The Next Battle in LGBTQI Equality: Our Health Data

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As we approach the 50th Anniversary of the Stonewall Riots, I look ahead to the next battle in LGBTQI equality: our health data.

June 28, 1969, at the Stonewall Inn, in Greenwich Village, was in many ways, LGBTQI Independence Day.  A little more than a decade later, our D-Day came and we all landed on the Normandy Beach of the HIV/AIDS epidemic.

The virus, now, in many ways, is under control.  But 700,000 young people died to get to this point and 1.1 million Americans are still living with the disease. While we’ve repealed Don’t Ask, Don’t Tell and legalized gay marriage, our fight for equality is far from over.  The battle still rages when it comes to our healthcare.

Our HIV population is aging, as is the general LGBTQI population.  We now face all the vagaries of life that come with getting old in addition to chronic illness, the side effects of years of pharmaceuticals and aging effect cis gender LGBTQI people.  We need more data collected on our transgender brothers and sisters to help become who they truly are in a healthy way.

All of this has left our population vulnerable.  LGBTQI Americans are living, growing, transforming and aging in a system still riddled with stigma and fear. Or even worse, living in a world where others don’t care about improving our prospects for living healthy lives and aging and dying with dignity.  The rest of the world is just beginning to understand our specific needs. We simply do not have time to wait. We must demand and drive a quicker and better process.

Fortunately, there is a solution. Collecting and analyzing more comprehensive information on LGBTQI Americans needs and the needs of their loved ones.  We’re now in a world where treatments are being tailored to individuals.  But researchers can’t continue to talk about precision medicine unless they are precise in molding our healthcare to our lives.  Pharmaceutical companies, hospitals and insurers need to know that we are a unique population with biological and physiological markers that make us and our care unique.

For all intents and purposes, there is no significant amount of data that has been amassed to make a difference in our healthcare.  There is not enough information on our specific lives and the social determinants of living an LGBTQI life.  We are unique. Decisions impacting our lives can literally be life and death decisions.  Yet, gerontologists, urologists, dermatologists, cardiologists and every other specialty are all making decisions about our lives in a vacuum.   The data on the LGBTQI population that will inform clinical research, preventative medicine, management of chronic disease and the care of our aging LGBTQI community is sorely lacking.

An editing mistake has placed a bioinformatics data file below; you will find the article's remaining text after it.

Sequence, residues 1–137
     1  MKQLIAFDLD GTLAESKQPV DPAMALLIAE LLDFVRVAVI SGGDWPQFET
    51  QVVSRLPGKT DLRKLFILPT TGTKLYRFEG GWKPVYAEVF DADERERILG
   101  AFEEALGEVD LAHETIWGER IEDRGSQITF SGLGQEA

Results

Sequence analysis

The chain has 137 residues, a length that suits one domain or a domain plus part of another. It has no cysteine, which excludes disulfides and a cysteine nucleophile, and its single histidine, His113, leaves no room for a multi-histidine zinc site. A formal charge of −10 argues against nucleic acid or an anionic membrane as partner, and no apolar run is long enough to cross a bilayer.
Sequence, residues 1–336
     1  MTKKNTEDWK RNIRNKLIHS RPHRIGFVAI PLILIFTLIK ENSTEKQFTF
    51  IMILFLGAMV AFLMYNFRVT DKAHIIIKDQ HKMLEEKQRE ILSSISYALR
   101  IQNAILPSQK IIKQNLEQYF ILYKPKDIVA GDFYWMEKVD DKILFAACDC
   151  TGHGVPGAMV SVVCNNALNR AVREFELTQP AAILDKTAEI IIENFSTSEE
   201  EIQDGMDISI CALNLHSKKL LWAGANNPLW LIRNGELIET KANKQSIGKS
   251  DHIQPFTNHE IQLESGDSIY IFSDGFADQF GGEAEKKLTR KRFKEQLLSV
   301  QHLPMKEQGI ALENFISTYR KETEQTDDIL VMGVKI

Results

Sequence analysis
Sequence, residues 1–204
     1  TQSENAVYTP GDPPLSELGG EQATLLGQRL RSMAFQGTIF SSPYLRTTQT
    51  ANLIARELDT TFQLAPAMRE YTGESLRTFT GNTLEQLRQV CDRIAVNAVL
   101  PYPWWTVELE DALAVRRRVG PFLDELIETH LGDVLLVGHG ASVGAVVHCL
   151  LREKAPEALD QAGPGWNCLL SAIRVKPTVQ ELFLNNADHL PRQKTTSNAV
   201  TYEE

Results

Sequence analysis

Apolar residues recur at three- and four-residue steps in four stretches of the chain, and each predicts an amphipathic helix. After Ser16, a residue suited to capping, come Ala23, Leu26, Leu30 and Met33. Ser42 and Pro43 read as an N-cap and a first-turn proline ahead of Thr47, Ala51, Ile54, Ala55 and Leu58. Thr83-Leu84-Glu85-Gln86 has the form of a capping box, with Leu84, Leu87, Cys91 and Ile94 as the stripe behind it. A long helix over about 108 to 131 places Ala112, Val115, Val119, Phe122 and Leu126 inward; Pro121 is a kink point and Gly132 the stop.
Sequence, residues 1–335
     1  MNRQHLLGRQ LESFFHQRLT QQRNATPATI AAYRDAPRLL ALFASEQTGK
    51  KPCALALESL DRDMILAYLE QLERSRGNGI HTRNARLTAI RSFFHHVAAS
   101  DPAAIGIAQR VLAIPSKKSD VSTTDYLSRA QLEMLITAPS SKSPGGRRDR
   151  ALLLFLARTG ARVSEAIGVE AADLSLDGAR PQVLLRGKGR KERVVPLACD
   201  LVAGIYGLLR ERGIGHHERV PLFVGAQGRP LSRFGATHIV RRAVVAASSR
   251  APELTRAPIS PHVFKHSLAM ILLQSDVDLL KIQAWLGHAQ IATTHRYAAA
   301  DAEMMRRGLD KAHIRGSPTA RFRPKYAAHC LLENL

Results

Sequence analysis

Data analytics are making people rich, but now, data has to make people healthy. We must ensure that marginalized and underserved members of society like the LGBTQI community live healthy and hopeful lives.

What is the responsibility of LGBTQI people in changing how healthcare and medical interventions are delivered to our community?  At Stonewall, 50 years ago, we stood up and said enough.  In the late 1980s at the height of the AIDS epidemic, we stood up and said enough.  We are now well into the new millennium and it is time to demand what is due us – healthy lives, effective medicine, affordable care and housing for our aging LGBTQI brothers and sisters.

Fortunately, the scientific community has made some progress. The All of Us Research Program run by the National Institutes of Health has prioritized engagement with marginalized and stigmatized communities in an effort to seek volunteers to donate their health data.  Through partnerships with amazing organizations like CenterLink, The Association of Nurses in AIDS Care (ANAC) and the HIV Medical Association (HIVMAA), All of Us is bridging the trust barrier and reaching into our community asking us to be a part of a larger movement.

But we need more.

We need large data sets that reflect the fact that there are more than 20 million LGBTQI Americans.  Let’s honor those that fought back at Stonewall.  Let’s honor the hundreds of thousands who died because of AIDS.  Let’s honor ourselves by demanding that the US healthcare system reflect us in the decisions they make moving forward.

New York’s Gay Pride is next Sunday.  In the ’80s and ’90s, I marched for the Manhattan Plaza AIDS Project.  I pushed the wheelchairs of young men who couldn’t walk because of the devastating conditions caused by the AIDS crisis.  They are all gone now.  To honor them and Stonewall, our job is to live long, safe and healthy lives, and we can’t do that without the data.

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